Scott Kazmir is heading to his hometown Houston Astros and into the thick of a pennant race, and the Oakland Athletics are starting their summer sell-off.
The A's began their expected changes leading up to the July 31 trade deadline, sending the left-hander to the Astros for a pair of minor leaguers Thursday in what could be the first of many significant deals across the majors in the next week.
Oakland received sought-after catcher Jacob Nottingham and right-handed pitcher Daniel Mengden in the swap with its AL West rival -- and the Astros got a top-tier starter as they chase a playoff berth in the season's second half. Houston hasn't been to the playoffs since being swept in the 2005 World Series by the Chicago White Sox when the Astros were still in the National League.
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"He's consistently performed against really good competition," Houston general manager Jeff Luhnow said. "He's been in our division, we've faced him. We know how hard he is to go up against."
"Taking him out of the equation as somebody on the other side and putting him on our team I think is really going to help us. We're in a tight division battle with L.A. ... having Kazmir in our rotation will definitely help our chances."
Even with all the trade talk surrounding him, the news caught the 31-year-old Kazmir by surprise. He was scheduled to start Thursday against Toronto and woke up preparing to play at least one more game in green and gold.
Instead, Kazmir got a phone call from A's general manager Billy Beane and manager Bob Melvin informing he had been traded. He packed up his belongings in the A's clubhouse while getting hugs and handshakes from teammates.
"It felt like it just hit me at once. It's going to take some time to sink some stuff in," Kazmir said.
He'll get to work with the Astros immediately, starting on Friday night at Kansas City. He went 5-5 with a 2.38 ERA in 18 starts for Oakland.
Drew Pomeranz started in Kazmir's place against Toronto, and Oakland recalled right-hander Arnold Leon from Triple-A Nashville to take Kazmir's roster spot.
Later in the day, there was another trade involving a contender: Pittsburgh acquired third baseman Aramis Ramirez from Milwaukee for a minor league pitcher.
Nottingham and Mengden were at Class A Quad Cities to start the season before being promoted to the organization's higher A club in Lancaster of the California League. They will report to Class A Stockton.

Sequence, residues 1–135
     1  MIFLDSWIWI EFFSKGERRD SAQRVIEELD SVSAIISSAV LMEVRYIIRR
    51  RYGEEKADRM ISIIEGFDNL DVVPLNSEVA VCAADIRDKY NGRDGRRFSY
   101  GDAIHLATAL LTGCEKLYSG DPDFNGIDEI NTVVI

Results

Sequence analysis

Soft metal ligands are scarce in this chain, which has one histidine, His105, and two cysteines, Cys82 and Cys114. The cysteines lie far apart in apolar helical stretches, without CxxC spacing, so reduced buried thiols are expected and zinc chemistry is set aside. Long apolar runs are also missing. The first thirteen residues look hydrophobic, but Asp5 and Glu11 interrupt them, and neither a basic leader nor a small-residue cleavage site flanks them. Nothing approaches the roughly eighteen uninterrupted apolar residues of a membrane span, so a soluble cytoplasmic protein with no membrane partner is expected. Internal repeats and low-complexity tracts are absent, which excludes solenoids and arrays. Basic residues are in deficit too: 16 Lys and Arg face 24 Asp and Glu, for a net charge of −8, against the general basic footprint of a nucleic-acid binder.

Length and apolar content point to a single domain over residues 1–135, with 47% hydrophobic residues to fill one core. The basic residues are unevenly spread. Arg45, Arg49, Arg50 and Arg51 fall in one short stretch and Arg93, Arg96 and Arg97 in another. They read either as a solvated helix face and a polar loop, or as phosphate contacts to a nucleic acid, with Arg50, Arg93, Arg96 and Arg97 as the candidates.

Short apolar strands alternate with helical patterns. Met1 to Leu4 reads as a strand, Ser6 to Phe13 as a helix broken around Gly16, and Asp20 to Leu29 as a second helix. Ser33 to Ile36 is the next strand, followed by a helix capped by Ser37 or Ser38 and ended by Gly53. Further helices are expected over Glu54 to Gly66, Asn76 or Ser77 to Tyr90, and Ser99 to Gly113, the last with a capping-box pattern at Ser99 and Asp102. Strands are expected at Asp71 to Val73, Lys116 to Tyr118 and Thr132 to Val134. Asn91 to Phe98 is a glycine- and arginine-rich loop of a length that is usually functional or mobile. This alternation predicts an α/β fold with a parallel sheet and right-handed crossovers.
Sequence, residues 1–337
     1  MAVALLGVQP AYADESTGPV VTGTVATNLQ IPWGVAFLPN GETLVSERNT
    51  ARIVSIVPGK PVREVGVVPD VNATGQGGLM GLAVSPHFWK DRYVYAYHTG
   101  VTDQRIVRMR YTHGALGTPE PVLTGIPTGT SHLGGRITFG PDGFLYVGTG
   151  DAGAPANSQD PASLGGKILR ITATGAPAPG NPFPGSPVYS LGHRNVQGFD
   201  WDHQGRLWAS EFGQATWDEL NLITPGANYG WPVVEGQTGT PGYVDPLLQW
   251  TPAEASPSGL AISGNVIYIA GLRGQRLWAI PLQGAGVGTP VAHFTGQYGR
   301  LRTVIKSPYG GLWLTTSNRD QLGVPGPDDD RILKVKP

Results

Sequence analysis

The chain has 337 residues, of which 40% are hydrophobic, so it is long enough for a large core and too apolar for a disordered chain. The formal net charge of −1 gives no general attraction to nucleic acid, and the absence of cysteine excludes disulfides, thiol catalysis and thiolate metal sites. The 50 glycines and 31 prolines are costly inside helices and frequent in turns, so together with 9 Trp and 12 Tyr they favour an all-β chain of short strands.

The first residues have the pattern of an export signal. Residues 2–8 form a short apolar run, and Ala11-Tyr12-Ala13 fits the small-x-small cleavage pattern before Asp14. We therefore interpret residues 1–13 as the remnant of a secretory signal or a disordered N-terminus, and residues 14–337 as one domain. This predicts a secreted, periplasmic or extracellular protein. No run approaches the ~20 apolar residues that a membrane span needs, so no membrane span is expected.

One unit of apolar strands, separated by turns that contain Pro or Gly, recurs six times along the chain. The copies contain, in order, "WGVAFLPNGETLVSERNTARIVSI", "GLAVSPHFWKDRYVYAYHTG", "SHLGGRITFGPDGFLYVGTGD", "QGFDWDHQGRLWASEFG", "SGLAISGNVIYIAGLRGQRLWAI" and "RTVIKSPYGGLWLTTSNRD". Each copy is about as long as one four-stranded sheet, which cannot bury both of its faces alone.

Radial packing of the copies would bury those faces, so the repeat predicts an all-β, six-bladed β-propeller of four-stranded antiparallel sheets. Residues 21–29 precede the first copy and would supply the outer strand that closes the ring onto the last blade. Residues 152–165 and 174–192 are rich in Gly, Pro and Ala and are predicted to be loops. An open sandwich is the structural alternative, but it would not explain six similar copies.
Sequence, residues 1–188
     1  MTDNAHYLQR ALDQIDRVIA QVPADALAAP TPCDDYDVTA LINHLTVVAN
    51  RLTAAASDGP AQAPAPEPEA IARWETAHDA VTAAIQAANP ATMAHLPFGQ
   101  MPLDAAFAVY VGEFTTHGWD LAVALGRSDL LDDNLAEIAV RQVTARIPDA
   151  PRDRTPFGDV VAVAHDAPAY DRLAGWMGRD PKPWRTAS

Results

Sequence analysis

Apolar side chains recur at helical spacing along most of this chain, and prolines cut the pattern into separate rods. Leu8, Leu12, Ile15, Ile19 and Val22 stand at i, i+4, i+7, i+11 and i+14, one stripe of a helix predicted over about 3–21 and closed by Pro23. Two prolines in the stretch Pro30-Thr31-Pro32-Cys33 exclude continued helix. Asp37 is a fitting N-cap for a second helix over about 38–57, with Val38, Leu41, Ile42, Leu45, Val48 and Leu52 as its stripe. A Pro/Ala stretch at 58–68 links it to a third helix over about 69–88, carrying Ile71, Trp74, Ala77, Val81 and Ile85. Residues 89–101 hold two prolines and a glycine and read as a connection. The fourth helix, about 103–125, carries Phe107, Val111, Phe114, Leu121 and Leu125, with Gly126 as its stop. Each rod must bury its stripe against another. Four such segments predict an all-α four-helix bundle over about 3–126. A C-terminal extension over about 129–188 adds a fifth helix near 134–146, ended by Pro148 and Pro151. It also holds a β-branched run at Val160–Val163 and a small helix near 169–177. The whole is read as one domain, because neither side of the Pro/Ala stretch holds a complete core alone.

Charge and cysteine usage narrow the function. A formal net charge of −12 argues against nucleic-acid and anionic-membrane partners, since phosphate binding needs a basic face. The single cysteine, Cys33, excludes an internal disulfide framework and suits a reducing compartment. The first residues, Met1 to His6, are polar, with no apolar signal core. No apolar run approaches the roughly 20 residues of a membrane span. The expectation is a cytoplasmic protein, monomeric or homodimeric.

While Kazmir has been reportedly on the move for weeks, Beane said he wasn't actively shopping the starting pitcher. But when the Astros included Nottingham in the deal, he said the trade "came together pretty quick."
It's the first of what could be many moves for Oakland before the non-waiver trade deadline. The A's, who made the playoffs the past three seasons, entered Thursday with a 44-52 record -- 11 games behind the division-leading Los Angeles Angels.
"We have to be realistic with where we are," Beane said. "The math doesn't necessarily work in our favor given the level of play we need just to get back in it."
Melvin said he didn't have a chance to address players before the game but didn't feel he needed to. He said they know roster turnover is part of the business.
"When you're here in Oakland, you understand that moves are made, whether it's offseason or in-season," Melvin said.
The A's acquired Kazmir as a free agent in December 2013 and he was 20-14 with a 3.12 ERA in 40 starts over parts of two seasons, including making the AL All-Star team last year.
Houston (53-43) began the day in second place in the AL West, two games behind the defending division champion Angels. The Astros were hosting Boston on Thursday night.
"Scott Kazmir is one of the best pitchers in the American League and strengthens our rotation," Luhnow said. "His addition gives the Astros a better chance of reaching and succeeding in the postseason. It has been a while since the Astros have been relevant late in the summer and winning now is a priority."
Kazmir said it's tough to leave the A's behind, but he's excited to help his hometown Astros make a playoff push.
Houston manager A.J. Hinch raved about adding Kazmir.
"I'm really happy," Hinch said. "I feel like we got better. We were able to get one of the best pitchers that has been rumored to be available and join our team in Kansas City and that's a big boost."
Kazmir was an All-Star with Tampa Bay in 2006 and 2008. He was limited to one start in 2011 with the Angels before going on the disabled list with a lower back strain and being released.
He spent the 2012 season with independent Sugar Land -- just outside Houston -- before bouncing back to go 10-9 with a 4.04 ERA in 29 starts and 158 innings for Cleveland. He has continued to reinvent himself in Oakland and has returned to his status as one of baseball's most reliable arms.
"It's been crazy, to be honest with you," Kazmir said. "Playing independent ball and I'm thinking I would never be able to play professionally. And now I'm going back to my hometown and going to play for the Astros. It's a complete whirlwind, but I'm excited for the opportunity."